Egyptians were not fully prepared for the Internet blackout. But they overcame these challenges by reaching out to the outside world to which Google responded by creating a voice to text system. The call to tweet system allowed people to use landlines to leave messages that were posted on their twitter accounts as tweets. As such, the low Internet penetration will not save Meles; it might just make it a bit harder for the organizers. In fact, if he chooses to follow on Mubarak’s footsteps and unplug both the Internet and telephone, he will be the one at the losing end as his security apparatus, party structure and public share the same telecom system. Shutting off the country’s sole telecom system will disconnect most of his oppressive machinery. This was one of the factors for the quick demise of Mubarak’s 1.5 million strong police. Since the least financed individual citizens have proven to be more creative than the resourceful state bureaucracy, it is likely that the movement will find a way to turn darkness into strategic advantages.
In the past, activists had difficulty attracting international attention to atrocities committed by authoritarian regimes. The ongoing wave of revolution has captured the global spotlight more than ever before. Every dictator is under a media watch and any sign of resistance will definitely gain broader coverage. A picture or video clip taken on a cheap cell phone in rural Ethiopia can instantly wind up on social media. This fresh and irrefutable firsthand account will reach the biggest news outlets – fresh and unedited. There was practically no media in Libya in the early days of the protest. Gaddafi shut down all communications to the outside world. But this did not prevent the evidence of his brutality from reaching the watchful eyes on international community, sometimes as it was happening.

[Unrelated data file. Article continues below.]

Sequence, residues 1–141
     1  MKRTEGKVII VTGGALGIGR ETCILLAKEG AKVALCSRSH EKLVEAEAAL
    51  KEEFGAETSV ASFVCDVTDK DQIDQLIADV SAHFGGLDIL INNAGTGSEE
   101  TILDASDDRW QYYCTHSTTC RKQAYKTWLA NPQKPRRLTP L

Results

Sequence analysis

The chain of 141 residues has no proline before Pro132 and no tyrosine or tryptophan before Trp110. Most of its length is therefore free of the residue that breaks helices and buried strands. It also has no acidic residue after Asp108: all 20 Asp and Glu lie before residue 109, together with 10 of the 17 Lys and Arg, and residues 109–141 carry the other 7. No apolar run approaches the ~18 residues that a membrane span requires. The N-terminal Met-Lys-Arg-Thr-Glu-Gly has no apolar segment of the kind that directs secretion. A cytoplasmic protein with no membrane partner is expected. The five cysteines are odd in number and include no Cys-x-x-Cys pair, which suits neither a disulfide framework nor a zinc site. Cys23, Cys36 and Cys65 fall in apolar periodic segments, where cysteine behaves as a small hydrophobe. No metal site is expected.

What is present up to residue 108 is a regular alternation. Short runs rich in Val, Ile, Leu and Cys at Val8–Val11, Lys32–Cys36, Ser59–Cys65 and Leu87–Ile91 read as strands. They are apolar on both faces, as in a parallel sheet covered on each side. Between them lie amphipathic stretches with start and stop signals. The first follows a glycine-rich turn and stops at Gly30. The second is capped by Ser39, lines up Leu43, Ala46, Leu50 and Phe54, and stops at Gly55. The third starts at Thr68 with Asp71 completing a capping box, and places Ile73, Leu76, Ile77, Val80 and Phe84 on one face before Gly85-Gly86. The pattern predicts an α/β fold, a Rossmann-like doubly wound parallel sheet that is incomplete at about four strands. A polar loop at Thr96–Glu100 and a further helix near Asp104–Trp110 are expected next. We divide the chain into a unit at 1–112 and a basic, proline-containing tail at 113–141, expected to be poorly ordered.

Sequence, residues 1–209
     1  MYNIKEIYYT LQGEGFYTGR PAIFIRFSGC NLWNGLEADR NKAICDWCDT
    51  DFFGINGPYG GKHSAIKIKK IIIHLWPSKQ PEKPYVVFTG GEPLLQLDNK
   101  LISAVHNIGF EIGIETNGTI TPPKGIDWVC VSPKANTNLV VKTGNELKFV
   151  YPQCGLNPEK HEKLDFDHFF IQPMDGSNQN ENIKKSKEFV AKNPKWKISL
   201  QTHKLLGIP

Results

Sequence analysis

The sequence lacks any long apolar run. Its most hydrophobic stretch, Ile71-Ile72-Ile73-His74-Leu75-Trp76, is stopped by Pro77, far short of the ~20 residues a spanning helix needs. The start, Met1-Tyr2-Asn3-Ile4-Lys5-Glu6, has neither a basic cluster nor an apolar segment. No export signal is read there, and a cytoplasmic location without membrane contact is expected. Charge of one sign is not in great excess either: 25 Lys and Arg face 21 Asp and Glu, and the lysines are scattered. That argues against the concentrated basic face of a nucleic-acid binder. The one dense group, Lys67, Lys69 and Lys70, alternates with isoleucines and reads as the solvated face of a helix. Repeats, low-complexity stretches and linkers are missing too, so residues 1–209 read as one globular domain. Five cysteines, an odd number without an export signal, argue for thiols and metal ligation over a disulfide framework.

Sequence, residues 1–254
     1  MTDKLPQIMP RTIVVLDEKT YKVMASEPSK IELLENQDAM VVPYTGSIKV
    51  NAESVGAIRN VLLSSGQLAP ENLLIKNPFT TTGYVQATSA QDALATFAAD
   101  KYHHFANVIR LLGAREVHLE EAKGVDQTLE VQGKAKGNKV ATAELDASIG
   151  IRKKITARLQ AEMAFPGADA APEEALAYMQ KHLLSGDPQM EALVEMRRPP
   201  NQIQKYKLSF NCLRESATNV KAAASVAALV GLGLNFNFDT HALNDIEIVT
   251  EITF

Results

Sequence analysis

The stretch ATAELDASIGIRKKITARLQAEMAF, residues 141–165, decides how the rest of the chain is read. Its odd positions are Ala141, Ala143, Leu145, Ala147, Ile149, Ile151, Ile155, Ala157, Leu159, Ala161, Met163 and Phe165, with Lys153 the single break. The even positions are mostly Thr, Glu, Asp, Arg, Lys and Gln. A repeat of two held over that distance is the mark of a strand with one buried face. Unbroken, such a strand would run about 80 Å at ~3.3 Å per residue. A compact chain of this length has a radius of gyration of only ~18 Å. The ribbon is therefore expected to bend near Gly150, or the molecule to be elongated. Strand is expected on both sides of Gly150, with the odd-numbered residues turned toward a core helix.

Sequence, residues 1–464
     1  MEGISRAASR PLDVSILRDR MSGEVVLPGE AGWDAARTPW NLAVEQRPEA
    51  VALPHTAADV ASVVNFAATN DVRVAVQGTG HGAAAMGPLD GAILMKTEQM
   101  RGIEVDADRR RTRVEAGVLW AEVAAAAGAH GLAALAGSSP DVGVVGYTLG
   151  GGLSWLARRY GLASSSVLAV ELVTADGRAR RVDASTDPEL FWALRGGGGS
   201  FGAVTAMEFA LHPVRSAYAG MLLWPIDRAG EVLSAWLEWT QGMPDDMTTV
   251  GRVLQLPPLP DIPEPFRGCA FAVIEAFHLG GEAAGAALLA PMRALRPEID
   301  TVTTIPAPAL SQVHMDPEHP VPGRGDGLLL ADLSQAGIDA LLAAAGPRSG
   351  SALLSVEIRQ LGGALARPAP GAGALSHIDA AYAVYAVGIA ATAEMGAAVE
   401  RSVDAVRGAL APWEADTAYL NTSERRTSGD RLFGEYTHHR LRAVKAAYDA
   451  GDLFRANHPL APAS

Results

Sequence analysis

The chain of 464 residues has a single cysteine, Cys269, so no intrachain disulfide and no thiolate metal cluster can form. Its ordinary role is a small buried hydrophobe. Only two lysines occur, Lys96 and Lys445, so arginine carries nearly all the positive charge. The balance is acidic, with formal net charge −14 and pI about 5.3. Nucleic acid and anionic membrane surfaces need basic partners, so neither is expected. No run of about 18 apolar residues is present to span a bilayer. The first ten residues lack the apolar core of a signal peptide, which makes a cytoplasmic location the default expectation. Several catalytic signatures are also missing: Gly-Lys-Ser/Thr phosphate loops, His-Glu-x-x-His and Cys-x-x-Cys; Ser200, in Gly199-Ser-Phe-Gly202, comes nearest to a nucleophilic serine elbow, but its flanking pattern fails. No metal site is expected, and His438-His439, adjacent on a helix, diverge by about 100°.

Therefore, whether Meles is butchering the people of Adigrat, Gode, Moyale or Matama, the fact will be on Aljazeera, broadcast back to his subjects and to the wider world. He cannot stop it. At the moment dictators are at a great disadvantage. This is a golden moment that needs to be seized by all oppressed people yearning for freedom.
Composition of Military
The Egyptian army was showered with praises for its neutrality, and rightly so. However, too much credit is given to the “professionalism” of the army than other factors such as the role of the United States and most importantly the strategy organizers deployed to restrain the military. By emphasizing the ‘professionalism’ of the army, the planners made a tactical choice long before the confrontation. Once repeated by analysts and pundits alike, the army was systematically put under moral pressure to protect its image.
The primary duty of every military is to protect the government of the day. The degree of its loyalty could be different depending on connections with the ruler. A lot has been said about the loyalty of the Ethiopian military to the system. Much of the discourse focuses on the top commanders’ ethnic identification with Meles. It is true that Meles has assigned Tigreans to most of the key command positions. And the primary rationale for this is a cold strategic calculation rather than favoritism (see my article on Tigrean Nationalism).